Over the last five years, Trevisana kitchens have been popping up in new builds – from condos to townhouses – across Toronto. Here’s how the family-run Italian brand pulled it off.
For better or for worse, Jesse Harris’ endlessly Instagrammable Queen Street West mural – boldly proclaiming “You’ve Changed” in storey-high lettering – has become a motto for Toronto. Indeed, over the last half-decade, the city has been shapeshifting: the Canary District, Junction Triangle and Gerrard East have become neighbourhoods to watch. Housing prices have gotten even hotter, with condos costing as much as single-family homes six years back. New builds continue to sprout up in the core, the ‘burbs and everywhere in between. And many of those glassy condos come bearing stunning kitchens by a brand new to many Torontonians: Trevisana.
Thus far, their kitchens can largely be found in luxury units – they’ve been featured at Hill & Dale (1027 Yonge St.), 101 St. Clair Luxury Rentals and a Sixteen Degree Studio-designed Leaside home, among many others. But despite Trevisana’s newfound presence and buzz in Toronto, they’re hardly new. In fact, Italian design conoisseurs know them as a 50-year-old cabinet-making business, led by the Ongaro family from Treviso, Italy. Conceived as a small kitchen workshop focused on authentic Italian craftsmanship, Trevisana Kitchens & Interiors has developed into a brand with international reach.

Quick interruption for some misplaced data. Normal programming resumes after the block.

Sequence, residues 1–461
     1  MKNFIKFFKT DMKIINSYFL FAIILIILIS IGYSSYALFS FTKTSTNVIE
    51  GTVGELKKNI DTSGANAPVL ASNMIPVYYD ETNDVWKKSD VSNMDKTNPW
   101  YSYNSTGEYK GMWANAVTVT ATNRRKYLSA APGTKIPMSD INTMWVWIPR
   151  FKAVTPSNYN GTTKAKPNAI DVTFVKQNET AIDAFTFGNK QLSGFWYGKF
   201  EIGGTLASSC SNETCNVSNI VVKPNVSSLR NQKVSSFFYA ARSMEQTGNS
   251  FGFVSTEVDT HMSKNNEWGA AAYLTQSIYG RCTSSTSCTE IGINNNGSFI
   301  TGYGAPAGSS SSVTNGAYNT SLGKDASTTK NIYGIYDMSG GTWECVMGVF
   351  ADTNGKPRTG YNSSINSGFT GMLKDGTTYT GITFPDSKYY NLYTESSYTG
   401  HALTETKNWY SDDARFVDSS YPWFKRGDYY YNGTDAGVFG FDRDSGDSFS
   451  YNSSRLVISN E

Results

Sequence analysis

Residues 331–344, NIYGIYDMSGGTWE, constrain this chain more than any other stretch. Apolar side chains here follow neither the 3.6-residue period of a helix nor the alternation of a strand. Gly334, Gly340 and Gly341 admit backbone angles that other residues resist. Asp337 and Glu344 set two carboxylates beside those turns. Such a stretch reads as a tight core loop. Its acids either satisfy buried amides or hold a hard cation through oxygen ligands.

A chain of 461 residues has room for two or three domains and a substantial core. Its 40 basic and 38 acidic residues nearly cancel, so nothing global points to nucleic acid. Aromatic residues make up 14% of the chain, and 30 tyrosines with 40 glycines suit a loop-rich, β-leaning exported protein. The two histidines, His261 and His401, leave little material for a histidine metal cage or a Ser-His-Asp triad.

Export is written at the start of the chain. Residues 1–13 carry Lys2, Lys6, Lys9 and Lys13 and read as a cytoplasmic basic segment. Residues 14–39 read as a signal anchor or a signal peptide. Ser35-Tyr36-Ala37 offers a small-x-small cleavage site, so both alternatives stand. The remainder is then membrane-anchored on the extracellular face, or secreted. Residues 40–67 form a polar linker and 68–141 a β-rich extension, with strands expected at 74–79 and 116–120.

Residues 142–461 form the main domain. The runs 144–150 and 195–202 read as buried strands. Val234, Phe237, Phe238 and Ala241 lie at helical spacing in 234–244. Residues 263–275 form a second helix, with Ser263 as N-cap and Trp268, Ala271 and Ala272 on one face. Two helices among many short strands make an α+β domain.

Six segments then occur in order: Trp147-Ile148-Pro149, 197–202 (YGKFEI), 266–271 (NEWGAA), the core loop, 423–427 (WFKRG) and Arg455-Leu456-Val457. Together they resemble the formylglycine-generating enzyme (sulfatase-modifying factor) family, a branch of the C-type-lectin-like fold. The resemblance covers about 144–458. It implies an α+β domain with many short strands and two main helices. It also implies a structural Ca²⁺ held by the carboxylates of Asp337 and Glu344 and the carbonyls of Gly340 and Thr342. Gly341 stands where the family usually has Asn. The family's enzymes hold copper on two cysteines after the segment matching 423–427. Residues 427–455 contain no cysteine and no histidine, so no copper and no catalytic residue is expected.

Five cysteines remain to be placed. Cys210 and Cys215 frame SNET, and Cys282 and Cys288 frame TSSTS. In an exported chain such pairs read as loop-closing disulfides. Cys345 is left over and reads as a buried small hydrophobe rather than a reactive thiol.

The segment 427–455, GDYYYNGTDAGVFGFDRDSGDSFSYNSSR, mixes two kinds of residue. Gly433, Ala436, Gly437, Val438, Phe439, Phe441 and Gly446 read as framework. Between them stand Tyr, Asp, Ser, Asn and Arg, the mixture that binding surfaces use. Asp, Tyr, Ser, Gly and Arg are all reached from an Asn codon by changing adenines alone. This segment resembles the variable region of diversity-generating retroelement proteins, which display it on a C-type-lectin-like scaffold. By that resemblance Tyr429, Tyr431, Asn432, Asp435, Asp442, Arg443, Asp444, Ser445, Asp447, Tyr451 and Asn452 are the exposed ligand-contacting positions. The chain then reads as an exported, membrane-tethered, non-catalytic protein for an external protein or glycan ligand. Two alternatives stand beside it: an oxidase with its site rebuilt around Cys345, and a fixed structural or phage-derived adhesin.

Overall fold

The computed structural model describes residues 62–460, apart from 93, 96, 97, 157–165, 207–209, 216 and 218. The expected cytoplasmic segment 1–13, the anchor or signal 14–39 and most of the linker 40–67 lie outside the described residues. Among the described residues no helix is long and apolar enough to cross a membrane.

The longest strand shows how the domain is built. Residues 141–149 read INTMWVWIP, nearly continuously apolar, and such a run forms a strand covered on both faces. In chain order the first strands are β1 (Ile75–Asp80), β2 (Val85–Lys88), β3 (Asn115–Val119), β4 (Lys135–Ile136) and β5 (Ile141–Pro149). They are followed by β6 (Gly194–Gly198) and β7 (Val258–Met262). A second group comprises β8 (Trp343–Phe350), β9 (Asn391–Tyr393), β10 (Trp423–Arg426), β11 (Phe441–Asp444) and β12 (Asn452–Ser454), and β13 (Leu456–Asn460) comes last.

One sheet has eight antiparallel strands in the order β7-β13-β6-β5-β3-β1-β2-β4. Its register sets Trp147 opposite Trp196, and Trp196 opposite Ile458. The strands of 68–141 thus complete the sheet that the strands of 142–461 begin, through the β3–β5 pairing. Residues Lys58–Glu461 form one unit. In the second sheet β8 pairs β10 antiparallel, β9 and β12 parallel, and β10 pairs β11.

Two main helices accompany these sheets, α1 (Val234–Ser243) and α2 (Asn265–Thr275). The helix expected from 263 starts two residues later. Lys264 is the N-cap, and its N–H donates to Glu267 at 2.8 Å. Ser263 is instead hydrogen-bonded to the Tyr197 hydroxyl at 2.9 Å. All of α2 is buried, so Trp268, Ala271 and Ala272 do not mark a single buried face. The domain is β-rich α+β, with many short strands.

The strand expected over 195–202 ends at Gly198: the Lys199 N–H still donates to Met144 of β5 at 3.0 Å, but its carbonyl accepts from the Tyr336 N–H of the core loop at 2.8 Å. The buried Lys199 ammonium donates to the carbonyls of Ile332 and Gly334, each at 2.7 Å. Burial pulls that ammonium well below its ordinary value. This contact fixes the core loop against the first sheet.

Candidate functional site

Its approach, says managing director Gian Luigi Ongaro, has shifted over the years. “Our objective is to create a unique space that is reflective of client personality and lifestyle,” he says. “A space that our clients can genuinely feel comfortable in. A space that incorporates beauty, style and functionality.”
So, how did a northern Italian brand end up in, of all places, Toronto? Gian Luigi discovered the city while studying abroad in 2012, and noting the potential for expansion, launched Canadian operations the following year. Along with his business sidekick, Domenico Siniscalco, Trevisana Kitchens & Interiors introduced authentic Italian cabinetry to the local market, while adapting their offerings for the city’s evolving residential spaces. The plan worked, and worked well: in only five years, the brand has 5,000 projects under its belt, working with architects, interior designers and developers to tailor solutions for multi-unit condos, subdivisions and residential projects.
The key to that growth is based on two concepts: First, says Gian Luigi, is “the intelligence of simplification,” with cabinetry built around quality materials, modern designs and coherent functions. Secondly, Trevisana established a local presence, pairing made-in-Italy craftsmanship with the reliability and in-real-life service of local businesses. From its home base in the Castlefield Design District, it provides the human resources and logistical know-how to see projects from their initial stages to the final installations. Just as if, the company says, “we were in Italy.”
“We took the best of our Italian experience and fully adapted it to Canadian lifestyle,” says Gian Luigi. Indeed, you’ve changed, Toronto. But sometimes, it’s for the better.
This content was created by Designlines on behalf of Trevisana.